After about an hour we spotted a 6-man AS patrol about 200m from the PB. They spotted one of our patrol but two of us remained well concealed, so as soon as the enemy were in range we got some fire down and called the contact report in to TF 45 and requested immediate assistance. Whilst waiting we pulled back to the PB. On arrival they swept the area and the remaining enemy snuck away into the trees. ATAC were then given the tasking of sending out a patrol to search one of the forests for a rhinoceros, and to report back any signs of enemy activity.
Daysacks were loaded as it was anticipated to take 4 hours, and we set off to search for the rhino. Approximately 2 minutes into our patrol we stumbled into a group of enemy about 200 metres from the PB and immediately 2 of us were hit. With support from the 4x4 mounted GPMG we regrouped and pressed on. The patrol took us downhill into a forest following trails, communications with the TF commander were poor as this area of the site is a radio blackspot so we had to bounce messages through other callsigns. After locating the rhino (Very impressive!!) we headed back to the PB. The return journey was all uphill and quite hard work with the amount of kit we had elected to carry (and my LMG). However, our point man is a Stirling regular and advised us of the best route to follow.
We spent the next hour or two getting some food and water down our necks and providing security at the PB whilst the rest of TF was out on taskings. But not for long, as we were suddenly required to act as a Quick Reaction Force (QRF) for a recce callsign who had been involved in a number of firefights with a small enemy patrol. We grabbed our gear (Fighting order; no daysacks and I swapped the LMG for my M4!) and mounted the land rovers for the journey to the rendezvous point. After a little walk we met the recce patrol who were guarding a lion, and then pushed on to find and destroy the enemy. It did not take long to find them and the 8 of us soon overwhelmed them in a pincer movement that left them fairly surprised!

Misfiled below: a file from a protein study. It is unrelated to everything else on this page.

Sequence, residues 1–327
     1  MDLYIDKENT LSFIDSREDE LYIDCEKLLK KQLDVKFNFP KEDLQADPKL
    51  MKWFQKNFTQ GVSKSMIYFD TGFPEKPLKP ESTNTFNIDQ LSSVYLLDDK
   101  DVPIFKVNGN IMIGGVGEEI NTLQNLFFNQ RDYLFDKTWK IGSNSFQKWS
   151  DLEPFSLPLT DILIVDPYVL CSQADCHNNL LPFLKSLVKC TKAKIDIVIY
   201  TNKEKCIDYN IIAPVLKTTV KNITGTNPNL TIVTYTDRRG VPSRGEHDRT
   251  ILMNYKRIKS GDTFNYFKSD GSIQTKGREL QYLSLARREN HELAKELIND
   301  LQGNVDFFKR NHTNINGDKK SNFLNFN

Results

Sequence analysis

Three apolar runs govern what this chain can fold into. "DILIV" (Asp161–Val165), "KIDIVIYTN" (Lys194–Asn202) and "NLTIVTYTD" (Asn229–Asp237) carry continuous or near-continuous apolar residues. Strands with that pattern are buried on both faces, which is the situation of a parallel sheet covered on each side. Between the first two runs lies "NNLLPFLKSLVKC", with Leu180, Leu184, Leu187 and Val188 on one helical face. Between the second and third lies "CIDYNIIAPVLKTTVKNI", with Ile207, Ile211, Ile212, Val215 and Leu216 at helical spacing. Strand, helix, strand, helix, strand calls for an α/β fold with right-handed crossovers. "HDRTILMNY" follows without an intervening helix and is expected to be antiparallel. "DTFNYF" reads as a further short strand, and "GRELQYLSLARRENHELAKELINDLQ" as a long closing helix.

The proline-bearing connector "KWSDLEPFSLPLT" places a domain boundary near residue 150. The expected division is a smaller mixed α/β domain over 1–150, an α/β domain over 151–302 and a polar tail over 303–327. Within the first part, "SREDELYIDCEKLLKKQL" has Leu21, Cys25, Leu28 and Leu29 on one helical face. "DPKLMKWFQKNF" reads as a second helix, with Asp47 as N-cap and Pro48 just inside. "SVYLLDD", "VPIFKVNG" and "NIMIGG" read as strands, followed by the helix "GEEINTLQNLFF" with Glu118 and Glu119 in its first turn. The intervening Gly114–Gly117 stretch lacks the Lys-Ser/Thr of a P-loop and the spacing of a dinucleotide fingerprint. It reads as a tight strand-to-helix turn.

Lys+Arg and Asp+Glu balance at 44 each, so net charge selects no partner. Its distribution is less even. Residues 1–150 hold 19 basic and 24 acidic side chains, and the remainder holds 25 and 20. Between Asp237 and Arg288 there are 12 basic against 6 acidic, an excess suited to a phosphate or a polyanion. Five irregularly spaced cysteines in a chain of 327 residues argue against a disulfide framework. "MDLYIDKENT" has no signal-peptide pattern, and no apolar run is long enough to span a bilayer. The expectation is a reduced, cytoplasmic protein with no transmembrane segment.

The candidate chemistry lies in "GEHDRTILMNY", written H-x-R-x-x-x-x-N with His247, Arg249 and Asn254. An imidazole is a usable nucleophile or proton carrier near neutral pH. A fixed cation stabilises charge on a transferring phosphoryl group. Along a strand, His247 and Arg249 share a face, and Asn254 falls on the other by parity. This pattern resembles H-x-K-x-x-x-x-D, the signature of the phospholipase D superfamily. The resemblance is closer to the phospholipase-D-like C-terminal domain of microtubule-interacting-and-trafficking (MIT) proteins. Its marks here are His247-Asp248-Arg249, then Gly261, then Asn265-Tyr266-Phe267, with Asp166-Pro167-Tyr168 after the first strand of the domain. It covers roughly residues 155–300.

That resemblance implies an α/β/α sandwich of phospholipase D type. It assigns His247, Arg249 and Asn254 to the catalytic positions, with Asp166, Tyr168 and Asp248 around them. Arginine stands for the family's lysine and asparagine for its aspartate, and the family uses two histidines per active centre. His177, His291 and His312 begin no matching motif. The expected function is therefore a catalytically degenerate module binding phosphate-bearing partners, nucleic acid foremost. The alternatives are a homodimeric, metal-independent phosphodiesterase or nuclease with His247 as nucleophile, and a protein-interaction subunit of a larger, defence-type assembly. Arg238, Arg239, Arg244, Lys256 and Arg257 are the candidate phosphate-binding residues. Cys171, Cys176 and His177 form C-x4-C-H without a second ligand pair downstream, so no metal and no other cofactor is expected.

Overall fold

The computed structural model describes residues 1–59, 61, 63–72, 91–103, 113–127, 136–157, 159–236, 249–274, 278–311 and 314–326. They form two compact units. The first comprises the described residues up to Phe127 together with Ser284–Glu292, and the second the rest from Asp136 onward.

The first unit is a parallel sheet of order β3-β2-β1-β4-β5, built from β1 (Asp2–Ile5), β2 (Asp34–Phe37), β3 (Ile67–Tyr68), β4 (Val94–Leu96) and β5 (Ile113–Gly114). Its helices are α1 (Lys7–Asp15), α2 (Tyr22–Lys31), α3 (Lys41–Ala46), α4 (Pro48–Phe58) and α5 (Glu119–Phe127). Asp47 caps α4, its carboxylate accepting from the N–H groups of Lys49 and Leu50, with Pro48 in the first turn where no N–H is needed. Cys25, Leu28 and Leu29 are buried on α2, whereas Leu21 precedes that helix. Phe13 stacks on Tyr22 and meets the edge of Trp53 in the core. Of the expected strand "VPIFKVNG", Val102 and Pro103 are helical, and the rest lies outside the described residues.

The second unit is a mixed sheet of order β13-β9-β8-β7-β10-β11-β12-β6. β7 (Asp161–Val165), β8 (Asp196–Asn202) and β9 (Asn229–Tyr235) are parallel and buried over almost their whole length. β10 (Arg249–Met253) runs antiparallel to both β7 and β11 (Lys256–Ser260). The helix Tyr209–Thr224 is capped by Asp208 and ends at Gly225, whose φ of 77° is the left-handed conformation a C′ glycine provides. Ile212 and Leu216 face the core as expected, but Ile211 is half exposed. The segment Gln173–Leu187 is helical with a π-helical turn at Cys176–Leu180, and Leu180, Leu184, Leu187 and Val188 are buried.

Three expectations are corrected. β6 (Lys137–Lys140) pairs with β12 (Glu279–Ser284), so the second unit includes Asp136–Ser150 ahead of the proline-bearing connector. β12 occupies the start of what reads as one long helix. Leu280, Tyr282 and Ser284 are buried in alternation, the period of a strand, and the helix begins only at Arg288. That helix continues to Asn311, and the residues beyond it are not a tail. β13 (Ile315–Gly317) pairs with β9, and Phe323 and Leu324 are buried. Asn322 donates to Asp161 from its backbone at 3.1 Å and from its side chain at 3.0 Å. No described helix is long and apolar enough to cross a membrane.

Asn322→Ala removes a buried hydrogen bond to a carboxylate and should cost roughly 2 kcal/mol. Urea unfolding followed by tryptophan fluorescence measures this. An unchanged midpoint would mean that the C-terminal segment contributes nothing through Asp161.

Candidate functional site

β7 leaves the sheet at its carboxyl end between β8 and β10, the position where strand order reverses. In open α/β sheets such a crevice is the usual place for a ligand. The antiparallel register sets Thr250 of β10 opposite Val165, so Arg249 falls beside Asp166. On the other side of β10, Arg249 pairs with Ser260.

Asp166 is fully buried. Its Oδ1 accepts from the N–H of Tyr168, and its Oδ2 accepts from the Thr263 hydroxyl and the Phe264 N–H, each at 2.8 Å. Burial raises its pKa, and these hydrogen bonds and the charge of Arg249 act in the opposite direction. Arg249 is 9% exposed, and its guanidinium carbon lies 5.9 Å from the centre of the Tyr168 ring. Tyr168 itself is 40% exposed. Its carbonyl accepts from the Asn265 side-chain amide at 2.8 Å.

After this we requested the vehicles to pick us back up, and when they did we went straight out on another tasking to check on two other rhinos. Both were located and safe. On return to base we had about an hour of daylight left and were warned to prepare for a night time patrol.
After a couple of hours on PB security and prepping kit/having food we formed up ready for our brief. intelligence had come in that one of the rhinos from earlier in the day was missing and we were to check it under the cover of darkness. Only one member of the patrol had NVGs so he would be point man and the rest of us would follow (very) close behind.
The terrain is challenging by day, and quite honestly a completely different beast by night. The moonlight gave us some ambient illumination by shadows and wildlife filled everywhere with possible enemy troops. We walked (slipped and slid in places) to the area containing the rhino, where we carried out a number of sweeps to locate it. We could not and at times had to find cover as enemy vehicles moved past us loaded up with troops on their way to attack other patrols.